Willie Ying is the Kiwi filmmaker and rising international star you’ve never heard of, but his backstory is one that sounds like a film plot in and of itself. Coming to Auckland at the age of 12 and attending Kelston Boys’ High School in the 1990s, he was the target of bullies. But like any great story the vanquished would become victor- inspired by a book by Bruce Lee, Willie would begin to train in martial arts… and the rest is history.
He would forge a career as a stuntman specialising in Chinese martial arts that would see him working on international productions based in New Zealand like Power Rangers, The Warriors Way and Crouching Tiger, Hidden Dragon 2. He has worked on more than 22 shows in the last 14 years from Hollywood movies to major TV productions in China.
From this career in stunt work developed a passion for filmmaking and Willie developed his filmmaking career alongside a busy professional practice as an Auckland-based stunt coordinator and choreographer, specialising in high-wire acrobatic stunts.
In what feels like a homecoming of sorts, Willie’s latest film The Final Blade is screening in Auckland on August 9th at Event Cinemas (St Lukes, Albany, Queen Street). Since its release, The Final Blade has won a slew of awards, including the Remi Special Jury Award at the 51st Houston International Film Festival, World Cinema Best Narrative Feature at the 22nd Kanas City International film festival, and Best Feature at the 2nd London Independent Film Awards.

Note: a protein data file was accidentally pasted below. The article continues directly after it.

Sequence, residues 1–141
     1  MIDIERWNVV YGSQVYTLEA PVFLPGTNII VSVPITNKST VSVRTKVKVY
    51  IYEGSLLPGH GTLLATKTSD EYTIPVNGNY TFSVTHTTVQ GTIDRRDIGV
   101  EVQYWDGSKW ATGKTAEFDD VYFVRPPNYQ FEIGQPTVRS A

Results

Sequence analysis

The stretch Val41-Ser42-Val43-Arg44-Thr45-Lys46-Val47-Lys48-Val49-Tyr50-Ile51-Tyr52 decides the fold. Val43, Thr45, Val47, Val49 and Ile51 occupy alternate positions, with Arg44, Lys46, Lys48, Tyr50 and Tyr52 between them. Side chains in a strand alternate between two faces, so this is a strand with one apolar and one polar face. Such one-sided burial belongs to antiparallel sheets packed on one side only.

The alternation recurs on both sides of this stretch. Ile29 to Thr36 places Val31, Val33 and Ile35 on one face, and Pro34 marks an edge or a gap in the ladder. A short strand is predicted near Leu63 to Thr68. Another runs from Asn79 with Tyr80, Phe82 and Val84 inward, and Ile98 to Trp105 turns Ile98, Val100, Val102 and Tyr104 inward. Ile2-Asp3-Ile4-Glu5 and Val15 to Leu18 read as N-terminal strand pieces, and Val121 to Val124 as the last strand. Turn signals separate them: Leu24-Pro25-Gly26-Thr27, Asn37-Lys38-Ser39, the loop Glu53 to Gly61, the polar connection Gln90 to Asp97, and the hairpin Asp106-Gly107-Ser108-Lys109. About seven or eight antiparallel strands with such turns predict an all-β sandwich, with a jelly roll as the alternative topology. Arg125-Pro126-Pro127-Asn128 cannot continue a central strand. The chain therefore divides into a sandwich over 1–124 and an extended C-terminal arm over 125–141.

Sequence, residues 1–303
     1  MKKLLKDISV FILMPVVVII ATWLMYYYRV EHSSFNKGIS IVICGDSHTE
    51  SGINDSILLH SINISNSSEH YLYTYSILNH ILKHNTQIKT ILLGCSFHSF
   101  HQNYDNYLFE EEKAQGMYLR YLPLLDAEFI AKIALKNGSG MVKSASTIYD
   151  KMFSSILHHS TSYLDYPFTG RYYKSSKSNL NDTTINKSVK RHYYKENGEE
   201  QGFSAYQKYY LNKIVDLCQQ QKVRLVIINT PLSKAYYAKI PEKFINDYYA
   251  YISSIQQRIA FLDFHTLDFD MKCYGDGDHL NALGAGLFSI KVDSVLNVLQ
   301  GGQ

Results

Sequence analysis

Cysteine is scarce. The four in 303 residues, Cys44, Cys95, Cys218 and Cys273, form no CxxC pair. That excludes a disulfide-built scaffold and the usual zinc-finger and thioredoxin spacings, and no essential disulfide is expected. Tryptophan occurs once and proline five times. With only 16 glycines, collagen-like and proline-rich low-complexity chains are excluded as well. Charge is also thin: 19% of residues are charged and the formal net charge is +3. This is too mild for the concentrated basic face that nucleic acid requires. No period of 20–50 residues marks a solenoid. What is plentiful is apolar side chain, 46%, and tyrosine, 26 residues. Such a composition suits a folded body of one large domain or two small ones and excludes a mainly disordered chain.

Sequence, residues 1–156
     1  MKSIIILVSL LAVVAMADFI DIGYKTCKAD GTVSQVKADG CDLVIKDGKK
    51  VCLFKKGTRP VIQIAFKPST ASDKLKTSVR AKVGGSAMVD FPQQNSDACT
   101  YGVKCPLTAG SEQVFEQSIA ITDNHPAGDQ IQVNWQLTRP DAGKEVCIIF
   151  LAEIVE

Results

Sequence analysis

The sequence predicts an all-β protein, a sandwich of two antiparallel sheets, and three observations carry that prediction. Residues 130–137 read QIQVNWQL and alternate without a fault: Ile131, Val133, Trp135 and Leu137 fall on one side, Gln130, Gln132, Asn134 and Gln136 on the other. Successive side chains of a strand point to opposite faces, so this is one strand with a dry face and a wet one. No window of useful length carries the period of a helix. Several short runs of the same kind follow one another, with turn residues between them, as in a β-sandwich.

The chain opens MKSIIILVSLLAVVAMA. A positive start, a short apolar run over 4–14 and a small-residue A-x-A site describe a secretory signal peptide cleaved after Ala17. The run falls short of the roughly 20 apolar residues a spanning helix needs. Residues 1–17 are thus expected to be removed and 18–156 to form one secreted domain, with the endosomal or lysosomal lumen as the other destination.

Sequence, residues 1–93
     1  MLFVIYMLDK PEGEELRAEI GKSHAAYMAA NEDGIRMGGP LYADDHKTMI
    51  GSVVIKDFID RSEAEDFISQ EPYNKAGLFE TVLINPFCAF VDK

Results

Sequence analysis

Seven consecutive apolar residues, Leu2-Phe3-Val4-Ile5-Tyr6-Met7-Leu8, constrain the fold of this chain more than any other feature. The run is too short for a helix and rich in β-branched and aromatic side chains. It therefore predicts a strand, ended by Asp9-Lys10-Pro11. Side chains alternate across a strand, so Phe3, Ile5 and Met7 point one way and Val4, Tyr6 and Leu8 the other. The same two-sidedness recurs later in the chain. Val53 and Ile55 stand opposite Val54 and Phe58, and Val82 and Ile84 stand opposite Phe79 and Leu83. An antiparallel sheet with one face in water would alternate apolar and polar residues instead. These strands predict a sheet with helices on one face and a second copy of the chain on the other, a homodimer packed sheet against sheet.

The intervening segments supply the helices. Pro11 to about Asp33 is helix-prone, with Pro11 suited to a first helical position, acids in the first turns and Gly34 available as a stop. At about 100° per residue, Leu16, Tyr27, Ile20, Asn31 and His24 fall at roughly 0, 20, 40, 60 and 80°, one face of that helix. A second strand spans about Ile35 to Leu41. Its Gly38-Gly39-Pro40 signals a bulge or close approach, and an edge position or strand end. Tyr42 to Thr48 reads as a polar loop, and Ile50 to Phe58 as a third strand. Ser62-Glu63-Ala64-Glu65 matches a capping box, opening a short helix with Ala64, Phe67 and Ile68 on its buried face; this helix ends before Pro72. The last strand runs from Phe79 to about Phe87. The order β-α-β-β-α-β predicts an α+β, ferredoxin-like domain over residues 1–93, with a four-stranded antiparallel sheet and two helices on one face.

The Final Blade features plenty of action and a plot that could only have come out of China with its passion for period dramas, fractured heroes and quirky side notes of history. It is the story of the treasured Chicken Cup, a prized relic that is lost during a battle 300 years after it was seized from the palace of General Li by a group of assassins led by the Imperial Guards of Ming. It is up to a noodle shop owner (a warrior in hiding) and his young apprentice to find and protect the Cup.
Willie is especially keen to see his film attract audiences in NZ, because of future projects he’s planning. He’s excited by the new wave of NZ-based Asian filmmakers, actors and writers who traverse geographic and cultural boundaries. “I have always seen NZ as my home. My next step is to bring NZ and China together in a movie co-production…Maori culture and the Chinese culture are very similar and there is the potential for strong connections between our audiences,” he says.
For more information about The Final Blade‘s screenings in Auckland, and to book tickets, visit the Event Cinemas website.